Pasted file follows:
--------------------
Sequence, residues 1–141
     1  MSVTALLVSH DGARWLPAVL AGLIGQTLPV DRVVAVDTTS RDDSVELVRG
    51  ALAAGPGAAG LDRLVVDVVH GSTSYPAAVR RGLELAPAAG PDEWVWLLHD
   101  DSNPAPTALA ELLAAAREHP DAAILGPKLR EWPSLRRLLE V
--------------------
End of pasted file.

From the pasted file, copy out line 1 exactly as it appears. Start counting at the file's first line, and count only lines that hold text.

Sequence, residues 1–141